And her exit party might not be far away as the long term career prospects for a lecturer in Humanities in an Australian university can’t be particularly secure.
Today’s whine is on the subject of the financial viability of the university sector, after a year of massively reduced revenue.
In a moment of exquisite irony and demonstrating a profound lack of introspection, Janna Hates discusses critical thinking and freedom of speech. Obviously, she then follows that up by not addressing any of the huge pachyderm-shaped objects in the refectory.
Please bear in mind Jenna teaches journalism, and then wonder about the quality standards we will be subjected to from her students.
The university system in this country is dying. The government used the pandemic to destroy the places for critical conversations; and university management mostly rolled over.
The second sentence both presumes motives, mind reading in other words, and demonstrates a keen grasp of irony when suggesting the Australian academe isn’t an ideological echo chamber.
Mass redundancies, both voluntary and forced across the sector, have left big gaps in teaching staff. In some places that led to decisions to close down subjects, courses, departments. Right now, nearly every university is considering merging faculties.
Which departments are merging, do we think? Physics with Mathematics? Medicine with Engineering? Or maybe Gender Studies with Sociology? Go on, have a guess.
She continues with a complaint over the availability of the government furlough scheme to private but not public universities. Prima facie, that sounds quite damning. Of course, the critical thinkers amongst us might wish to investigate further.
It turns out, some private universities qualified for the furlough schemes due to having a lower turnover and assistance was made available to all universities based on a per capita payment for domestic students.
What two hypotheses might we consider based on those facts?
How about, (1) for reasons unknown, publicly funded universities are significantly larger in financial turnover than private universities and (2) they’d all be a lot better off right now if they didn’t rely heavily on overseas students.
Or, to put it another way, Jenna Hates is complaining because your taxes aren’t being used to bail out the educational infrastructure for overseas students.
Let’s go full reductio ad absurdum; Jenna Hates wants the income tax paid by an Australian worker stacking supermarket shelves on the night shift to be used to subsidise the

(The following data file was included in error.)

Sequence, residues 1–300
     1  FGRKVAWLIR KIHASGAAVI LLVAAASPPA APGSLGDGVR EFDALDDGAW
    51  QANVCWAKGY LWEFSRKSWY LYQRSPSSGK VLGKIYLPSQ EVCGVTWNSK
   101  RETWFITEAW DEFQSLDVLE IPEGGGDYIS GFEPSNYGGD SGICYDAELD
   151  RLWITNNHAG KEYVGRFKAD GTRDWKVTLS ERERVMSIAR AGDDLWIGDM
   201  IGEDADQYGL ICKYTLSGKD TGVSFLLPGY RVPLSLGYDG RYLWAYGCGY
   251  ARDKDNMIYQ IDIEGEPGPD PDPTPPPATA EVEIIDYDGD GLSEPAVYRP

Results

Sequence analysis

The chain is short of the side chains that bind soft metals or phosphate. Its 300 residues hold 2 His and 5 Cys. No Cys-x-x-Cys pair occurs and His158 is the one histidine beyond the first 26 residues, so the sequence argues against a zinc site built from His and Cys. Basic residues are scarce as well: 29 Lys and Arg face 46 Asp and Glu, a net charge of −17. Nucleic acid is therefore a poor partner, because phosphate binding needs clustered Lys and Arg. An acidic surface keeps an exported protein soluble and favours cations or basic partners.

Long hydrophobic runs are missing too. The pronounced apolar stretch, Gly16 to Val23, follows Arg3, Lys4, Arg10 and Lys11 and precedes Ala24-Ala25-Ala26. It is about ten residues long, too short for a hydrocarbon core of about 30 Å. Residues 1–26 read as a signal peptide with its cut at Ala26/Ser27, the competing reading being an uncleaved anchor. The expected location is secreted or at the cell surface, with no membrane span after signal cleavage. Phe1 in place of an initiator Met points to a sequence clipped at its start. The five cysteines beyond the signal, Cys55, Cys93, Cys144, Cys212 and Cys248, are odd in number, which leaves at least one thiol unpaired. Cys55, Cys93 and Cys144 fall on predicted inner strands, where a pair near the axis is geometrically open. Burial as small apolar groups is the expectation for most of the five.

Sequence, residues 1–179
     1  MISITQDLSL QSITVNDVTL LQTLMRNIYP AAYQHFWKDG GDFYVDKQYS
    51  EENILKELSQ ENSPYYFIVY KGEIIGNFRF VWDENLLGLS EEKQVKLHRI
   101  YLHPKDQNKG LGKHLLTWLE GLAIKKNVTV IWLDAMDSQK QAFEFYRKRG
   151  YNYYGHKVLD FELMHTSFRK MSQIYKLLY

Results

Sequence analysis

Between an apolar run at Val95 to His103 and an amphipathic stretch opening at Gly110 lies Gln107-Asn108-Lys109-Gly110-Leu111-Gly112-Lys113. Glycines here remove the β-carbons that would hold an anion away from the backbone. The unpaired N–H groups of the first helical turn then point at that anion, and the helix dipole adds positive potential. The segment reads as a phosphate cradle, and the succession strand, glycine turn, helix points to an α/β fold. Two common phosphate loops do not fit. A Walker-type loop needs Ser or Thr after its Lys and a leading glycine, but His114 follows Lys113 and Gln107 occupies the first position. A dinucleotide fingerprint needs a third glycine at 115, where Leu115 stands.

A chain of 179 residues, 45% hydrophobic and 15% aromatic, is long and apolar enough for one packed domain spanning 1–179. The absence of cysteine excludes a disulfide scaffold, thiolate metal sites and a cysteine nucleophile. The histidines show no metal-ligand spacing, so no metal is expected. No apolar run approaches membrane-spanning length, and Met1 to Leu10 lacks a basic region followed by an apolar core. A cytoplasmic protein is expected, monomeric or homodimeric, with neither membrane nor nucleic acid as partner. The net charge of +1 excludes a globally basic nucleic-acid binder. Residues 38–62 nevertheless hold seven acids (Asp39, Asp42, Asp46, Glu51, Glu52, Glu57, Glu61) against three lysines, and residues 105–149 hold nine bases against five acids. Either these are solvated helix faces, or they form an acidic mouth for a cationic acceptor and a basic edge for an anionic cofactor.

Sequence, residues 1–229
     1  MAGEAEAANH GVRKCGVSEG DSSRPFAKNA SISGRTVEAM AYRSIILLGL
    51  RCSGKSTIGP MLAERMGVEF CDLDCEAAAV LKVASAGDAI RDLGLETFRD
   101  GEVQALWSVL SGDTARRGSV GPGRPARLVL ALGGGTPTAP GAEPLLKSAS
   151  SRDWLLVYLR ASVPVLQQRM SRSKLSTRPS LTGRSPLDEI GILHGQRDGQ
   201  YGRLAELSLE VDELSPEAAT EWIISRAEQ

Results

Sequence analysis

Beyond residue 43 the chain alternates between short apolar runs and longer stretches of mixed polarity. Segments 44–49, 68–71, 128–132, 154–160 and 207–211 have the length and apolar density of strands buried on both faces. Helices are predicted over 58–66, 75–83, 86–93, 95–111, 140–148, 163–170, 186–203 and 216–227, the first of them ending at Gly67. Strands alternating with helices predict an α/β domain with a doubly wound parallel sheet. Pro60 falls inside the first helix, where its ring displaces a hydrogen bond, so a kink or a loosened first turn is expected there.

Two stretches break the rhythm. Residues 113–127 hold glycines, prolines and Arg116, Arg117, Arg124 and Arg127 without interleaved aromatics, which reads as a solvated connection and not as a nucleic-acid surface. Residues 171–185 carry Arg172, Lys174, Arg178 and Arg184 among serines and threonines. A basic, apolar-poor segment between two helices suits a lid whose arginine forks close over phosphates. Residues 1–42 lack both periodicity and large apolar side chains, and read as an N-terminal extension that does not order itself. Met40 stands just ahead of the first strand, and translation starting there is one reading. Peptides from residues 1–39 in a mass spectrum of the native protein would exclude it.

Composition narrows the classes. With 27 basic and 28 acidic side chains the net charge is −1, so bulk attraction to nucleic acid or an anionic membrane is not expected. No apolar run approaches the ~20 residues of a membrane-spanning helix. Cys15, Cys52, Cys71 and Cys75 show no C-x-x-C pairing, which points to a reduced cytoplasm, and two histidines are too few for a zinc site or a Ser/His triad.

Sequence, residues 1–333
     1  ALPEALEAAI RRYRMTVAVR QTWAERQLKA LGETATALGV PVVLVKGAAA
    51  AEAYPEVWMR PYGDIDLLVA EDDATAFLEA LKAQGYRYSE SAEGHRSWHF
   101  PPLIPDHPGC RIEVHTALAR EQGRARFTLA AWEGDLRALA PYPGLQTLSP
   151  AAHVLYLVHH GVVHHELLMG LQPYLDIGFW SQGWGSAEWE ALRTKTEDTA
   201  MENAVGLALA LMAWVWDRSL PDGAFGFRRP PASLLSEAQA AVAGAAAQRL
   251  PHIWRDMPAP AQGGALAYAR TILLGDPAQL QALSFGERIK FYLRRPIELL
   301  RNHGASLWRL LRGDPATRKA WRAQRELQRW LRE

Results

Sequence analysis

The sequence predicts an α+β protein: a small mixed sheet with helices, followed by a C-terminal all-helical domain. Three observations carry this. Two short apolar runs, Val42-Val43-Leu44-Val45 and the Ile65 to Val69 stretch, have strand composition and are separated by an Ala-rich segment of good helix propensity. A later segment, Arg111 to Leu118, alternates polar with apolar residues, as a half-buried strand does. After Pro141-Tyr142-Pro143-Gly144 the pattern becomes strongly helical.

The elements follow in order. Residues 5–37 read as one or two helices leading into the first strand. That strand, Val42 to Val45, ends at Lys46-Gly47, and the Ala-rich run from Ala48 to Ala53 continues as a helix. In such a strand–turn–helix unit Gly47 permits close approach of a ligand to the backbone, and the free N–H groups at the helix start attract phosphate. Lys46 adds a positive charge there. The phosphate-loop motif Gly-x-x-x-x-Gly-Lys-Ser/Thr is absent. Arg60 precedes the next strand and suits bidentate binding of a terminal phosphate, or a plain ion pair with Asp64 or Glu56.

immigration scam education of Chinese kids with rich parents.
The rest of the article follows the usual modus operandi, wandering all over the place accusing “the government” of being negligent at best but most likely mendacious. Don’t waste your time on it unless you’ve really got nothing better to do. Maybe page to the bottom to spot where she can’t resist having a dig at a man who has been accused without proof, by a dead person, of rape and, because of this, should resign.
Let’s return to the original problem. Australian universities are haemorrhaging cash and are having to cut costs to survive.
That’s interesting, isn’t it. Because, as far as one can tell, Australian high schools are still pumping out kids with all the correct qualifications to go on to higher education. The student loan industry is still active and the economy is going gangbusters.
So why the big problems?
617,000 overseas students? What’s that as a percentage of all university students in a normal year? About 44%.
There isn’t a pandemic every year, of course, but even so, a sector which is ostensibly designed to educate a country’s population yet relies on the revenue generated from almost one overseas students for every domestic student was perhaps always built on risky business model.
It’s even worse than that; fees paid by overseas students are often as much as double those paid by domestic students. The first class passengers are subsidising the economy class travellers.
Or, more accurately, they’re not this year. Hence the subject of Jenna Hates’ current cause célèbre.
I’m really sorry anyone lost their job as a result of the governmental response to the virus. However, the reality is some sectors of the economy were already unsustainable before the pandemic.
An education sector which had grown to provide as many places to people from countries with recognised high quality universities as it does for its domestic customers was one such sector.
If it wasn’t the 2020 pandemic that caught it napping, it would have been the next financial crisis or cooling of international diplomacy.
There is another inconvenient fact our Lecturer in Journalism, Jenna Hates, fails to address; the overseas student visa has been primarily a fast track to residency for many students, with the academic achievement being a far distant second.
Perhaps a shrunken university sector might serve the Australian student population better as it would have to focus on the quality of the teaching of “hard” subjects with, y’know, actual careers waiting for them once they’ve graduated?
Think critically about that for a moment, Jenna Hates.